Daffodil Lust part III, the Seedling…
Having fallen in love with a glossy catalogue photo of Young Love, a fresh yet sensuous daffodil, pollinated her stigmas with who knows what combination of mongrel pollen and then carefully collected the 8 resulting seeds from two flowers it was time to wait for fall planting time. I kept Young Love’s seeds, along with the other 60 odd seeds I collected from my sloppy daffodil pollination experiments close at hand. At first I was really excited about the seeds and left them out on the desk drying in small twisty tied bundles of spun row cover material. The material allowed the seeds to dry, but kept them from being scattered. After a while, when the hassle of having them all over my desk outweighed the fetish value of looking at them a lot, I put seeds in a special little catch all basket on the desk where I could still sort of see them. Over time I became excited about or distracted with other things and stopped thinking about my seeds. I only noticed them once in a while when I needed something else out of the basket and was like “oh yeah, awesome!” That seems just as well since I had to wait a few months before planting them. Not to worry, come fall, my excitement was renewed.
In early fall I put the seeds out in the greenhouse. I did a little reading on propagation of daffodil seeds. Over all it seemed that they would grow easily enough, although some of the methods of propagation seemed overly complicated. I opted to plant them about 1 inch deep in flats. I used a technique I sometimes favor for special seeds with is as follows:
*Fill a planting flat about half full with rich flat soil made mostly of sifted compost.
*Follow the flat mix with a 1/2 inch or less layer of sand. (could also be 50/50 sand and peat, but I generally don’t find it necessary to add peat to propagation sand, though it will hold water longer if you do. The seeds can be laid carefully just where you want them on the sand.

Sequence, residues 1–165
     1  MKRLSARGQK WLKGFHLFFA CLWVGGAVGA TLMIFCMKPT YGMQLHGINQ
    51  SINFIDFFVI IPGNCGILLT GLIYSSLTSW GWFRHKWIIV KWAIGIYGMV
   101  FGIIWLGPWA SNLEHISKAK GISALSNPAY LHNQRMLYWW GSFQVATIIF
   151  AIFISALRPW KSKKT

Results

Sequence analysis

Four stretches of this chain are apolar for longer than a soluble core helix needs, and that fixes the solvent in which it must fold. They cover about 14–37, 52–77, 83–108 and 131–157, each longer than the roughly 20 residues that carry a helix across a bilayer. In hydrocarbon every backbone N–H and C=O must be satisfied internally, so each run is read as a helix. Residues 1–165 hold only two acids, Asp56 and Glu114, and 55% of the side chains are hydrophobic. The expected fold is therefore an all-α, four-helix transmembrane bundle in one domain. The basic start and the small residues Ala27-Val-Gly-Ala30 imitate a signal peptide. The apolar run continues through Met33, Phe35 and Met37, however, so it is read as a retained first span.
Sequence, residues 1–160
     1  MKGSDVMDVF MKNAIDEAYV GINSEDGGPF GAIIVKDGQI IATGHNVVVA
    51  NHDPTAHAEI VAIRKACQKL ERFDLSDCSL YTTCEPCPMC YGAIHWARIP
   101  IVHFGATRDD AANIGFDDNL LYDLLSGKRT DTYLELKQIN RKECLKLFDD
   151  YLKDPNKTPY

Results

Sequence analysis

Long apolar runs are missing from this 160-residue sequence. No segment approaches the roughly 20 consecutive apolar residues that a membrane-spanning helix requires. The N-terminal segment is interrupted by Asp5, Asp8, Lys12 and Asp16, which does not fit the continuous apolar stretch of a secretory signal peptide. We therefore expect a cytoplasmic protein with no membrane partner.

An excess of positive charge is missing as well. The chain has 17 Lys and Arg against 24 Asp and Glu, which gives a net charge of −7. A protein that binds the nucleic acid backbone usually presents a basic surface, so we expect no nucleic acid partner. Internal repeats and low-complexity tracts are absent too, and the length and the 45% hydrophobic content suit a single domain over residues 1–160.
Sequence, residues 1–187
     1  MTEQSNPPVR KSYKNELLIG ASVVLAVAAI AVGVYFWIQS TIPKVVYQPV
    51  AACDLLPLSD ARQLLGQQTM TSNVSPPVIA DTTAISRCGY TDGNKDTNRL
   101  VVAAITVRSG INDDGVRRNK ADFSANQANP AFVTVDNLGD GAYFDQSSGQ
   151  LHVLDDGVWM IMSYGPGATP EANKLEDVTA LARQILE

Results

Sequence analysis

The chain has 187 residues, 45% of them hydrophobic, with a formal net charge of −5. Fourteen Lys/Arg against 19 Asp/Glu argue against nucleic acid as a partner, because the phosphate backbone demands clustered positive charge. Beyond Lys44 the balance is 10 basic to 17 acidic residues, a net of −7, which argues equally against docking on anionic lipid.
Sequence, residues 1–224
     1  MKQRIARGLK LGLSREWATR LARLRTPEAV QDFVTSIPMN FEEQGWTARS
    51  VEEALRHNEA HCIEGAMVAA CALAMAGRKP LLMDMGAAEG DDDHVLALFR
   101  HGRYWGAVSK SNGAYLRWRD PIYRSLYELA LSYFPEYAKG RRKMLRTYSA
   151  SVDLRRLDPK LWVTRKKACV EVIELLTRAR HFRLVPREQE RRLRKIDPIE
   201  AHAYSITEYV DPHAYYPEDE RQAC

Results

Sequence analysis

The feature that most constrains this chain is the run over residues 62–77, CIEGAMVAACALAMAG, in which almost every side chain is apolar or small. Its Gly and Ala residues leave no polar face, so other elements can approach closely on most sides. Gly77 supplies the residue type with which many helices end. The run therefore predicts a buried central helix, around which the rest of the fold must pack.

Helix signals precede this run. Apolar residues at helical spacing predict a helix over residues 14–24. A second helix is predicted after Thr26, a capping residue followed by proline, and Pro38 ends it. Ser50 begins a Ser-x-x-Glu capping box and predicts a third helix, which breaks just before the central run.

*Cover with more sand to the chosen seed planting depth, in my case 1 inch.
This system offers a moist but well drained environment for the seeds with plenty of opportunity for the exchange of air yet with fewer of the moulds, bacteria and critters that are found in the composty flat mix. There is a tradition of planting seeds in sand or sand and peat for germination, but they have to be transplanted out soon after sprouting up because they have no nutrients to thrive on. When the seeds in the stratified flats strike roots, they hit pay dirt very soon and are off to a good start without transplanting. Sown in the flats, labels in place and watered in, there was nothing to do but wait.
At first I was patient. But I had started some wild Camas, wild Diogenes’ Lantern, Naked Ladies’ and Tiger Lily seeds at the same time. When the Camas came up I was stoked! I had been watching them all in anticipation and was starting to wonder if they would all fail to emerge. First just one Camas seedling, then more, then the Diogenes’ Lantern began coming up. Then the Naked Ladies… then finally the Tiger Lilies…. but no Daffodils :( I began to check more frequently. I started to doubt that my methods were adequate and wondered if maybe the seeds had rotted. For all I could know, they lay under the sand bed as hollowed out shells or worse yet, shells full of putrid rotting slime that had once held hidden promise of a long life of surpassing beauty. I reminded my self that daffodils are pretty tough plants in general and that they have probably evolved to tolerate these conditions just like any other plant, if not better. They just take a long time right? Maybe I watered them too much in spite of the well drained conditions I gave them. My faith in simple propagation methods was slipping. I resisted the temptation to dig in and have a look.